Kusserow on Compliance: HHS OIG Spring 2018 semi-annual report on sanctions and exclusions

1,678 administrative sanctions

1,588 individuals and entities excluded

$35.5 million in CMPL penalties/assessments

The OIG released its first semi-annual report for 2018 that included the number of administrative sanctions, exclusion actions taken, and CMPL penalties imposed. There were a total of 1,588 individuals and entities excluded from Medicare, Medicaid, and other Federal health care programs.  Most of the exclusions resulted from convictions for crimes relating to Medicare or Medicaid, for patient abuse or neglect, or as a result of license revocation. The OIG has a number of Administrative Sanction authorities whereby they have added steadily to the LEIE database.  In the last three years the OIG added over 10,000 exclusions to the List of Excluded Individuals and Entities (LEIE). The OIG also imposed 1,678 administrative sanctions and Civil Monetary Penalty Law penalties and assessments involving more than $35.5 million.

Comments from experts concerning sanctions

Tom Herrmann, JD, served for 20 years in the OIG Counsel’s Office, including being the Chief of the Administrative Litigation Branch, responsible for the litigation of cases involving the imposition of civil monetary penalties and program exclusions.  He explained that the OIG has been delegated the authorities to impose Civil Monetary Penalties, assessments, and program exclusion on health care providers and others determined to have engaged in defined wrongdoing. The effect of an OIG exclusion is that no payment may be made for any items or services furnished by an excluded individual or entity, or directed or prescribed by an excluded physician. In almost all instances where the OIG’s imposition of program exclusion or CMPs is appealed, it is upheld by an Administrative Law Judge (ALJ), the Departmental Appeals Board (DAB), and federal courts. As such, it is absolutely essential to have ongoing sanction-screening of anyone engaged by a health care organization.

Jillian Bower-Concepcion is another highly experienced health care compliance consultant, who has assisted scores of clients in meeting the sanction-screening obligations through the Compliance Resource Center (CRC). She notes the OIG posts their exclusions on their LEIE and calls for screening of all individuals and entities engaged by or with whom they do business against that listing. CMS has also been very aggressive in calling for sanction screening, not only of the LEIE, but Debarments posted by the GSA, as well as pressuring state Medicaid Directors to establish exclusion databases and mandate monthly screening by their enrolled providers. In order to meet screening mandates, it is almost a necessity to use a vendor search engine tools to assist in sanction-screening. This saves organizations from downloading the sanction databases of all the entities and developing their own search engine. Using a vendor for this purpose is a step in the right direction; however the bulk of the work remains with the organization to do screening and resolving potential “hits” remains with the organization. Altogether this can be a considerable effort and many organizations have to dedicate one or many employees to meet all these obligations.  Alternatively, many just outsource the entire process, including verification and certification of results to a vendor.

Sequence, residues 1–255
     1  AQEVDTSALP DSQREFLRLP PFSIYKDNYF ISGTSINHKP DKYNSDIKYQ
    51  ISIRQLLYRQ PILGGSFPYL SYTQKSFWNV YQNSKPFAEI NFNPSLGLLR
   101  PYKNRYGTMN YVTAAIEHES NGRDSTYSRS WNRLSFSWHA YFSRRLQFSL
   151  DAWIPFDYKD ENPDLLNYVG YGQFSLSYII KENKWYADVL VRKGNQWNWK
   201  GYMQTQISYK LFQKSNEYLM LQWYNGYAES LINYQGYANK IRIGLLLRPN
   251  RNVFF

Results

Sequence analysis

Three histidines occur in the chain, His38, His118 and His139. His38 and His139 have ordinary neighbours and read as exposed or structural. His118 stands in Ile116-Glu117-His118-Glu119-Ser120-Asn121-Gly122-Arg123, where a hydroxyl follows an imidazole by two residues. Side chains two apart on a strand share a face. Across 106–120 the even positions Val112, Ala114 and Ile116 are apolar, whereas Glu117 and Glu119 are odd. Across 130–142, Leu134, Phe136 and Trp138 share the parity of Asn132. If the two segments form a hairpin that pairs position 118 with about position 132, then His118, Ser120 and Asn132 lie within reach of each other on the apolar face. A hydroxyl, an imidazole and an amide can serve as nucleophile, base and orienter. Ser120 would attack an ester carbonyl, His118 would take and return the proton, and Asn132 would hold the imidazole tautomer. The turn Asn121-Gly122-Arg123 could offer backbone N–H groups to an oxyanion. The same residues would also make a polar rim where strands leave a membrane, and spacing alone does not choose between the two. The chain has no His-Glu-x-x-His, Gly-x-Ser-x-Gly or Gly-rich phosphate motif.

Richard P. Kusserow served as DHHS Inspector General for 11 years. He currently is CEO of Strategic Management Services, LLC (SM), a firm that has assisted more than 3,000 organizations and entities with compliance related matters. The SM sister company, CRC, provides a wide range of compliance tools including sanction-screening.

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Copyright © 2018 Strategic Management Services, LLC. Published with permission.

Kusserow on Compliance: OIG testifies on investigative results over last three years

Gary Cantrell, HHS OIG Deputy Inspector General for Investigations, testified before a Senate Special Committee hearing to highlight the results of the OIG’s enforcement activities, focusing many of his comments on the current Opiod Crisis. He noted that the OIG Special Agents have full law enforcement powers and collaborate with other federal, state, and local law enforcement partners to combine resources to detect and prevent health care fraud, waste, and abuse. Over the last three years, OIG investigations have resulted in more than $10.8 billion in investigative receivables; 2,650 criminal actions; 2,211 civil actions; and 10,991 program exclusions.

The OIG is a lead participant in the Medicare Fraud Strike Force, which combines the resources of the OIG and DOJ, including Main Justice, U.S. Attorneys’ Offices, and the Federal Bureau of Investigation (FBI), as well as State and local law enforcement, to fight health care fraud in geographic hot spots. Since its inception in March 2007, the Strike Force has charged more than 3,000 defendants who collectively billed the Medicare program more than $10.8 billion. Last year, the Strike Force led the largest takedown ever in health care fraud enforcement. It resulted in 412 charged defendants across 41 federal districts, including 115 doctors, nurses, and other licensed medical professionals, for their alleged participation in health care fraud schemes involving approximately $1.3 billion in false billings.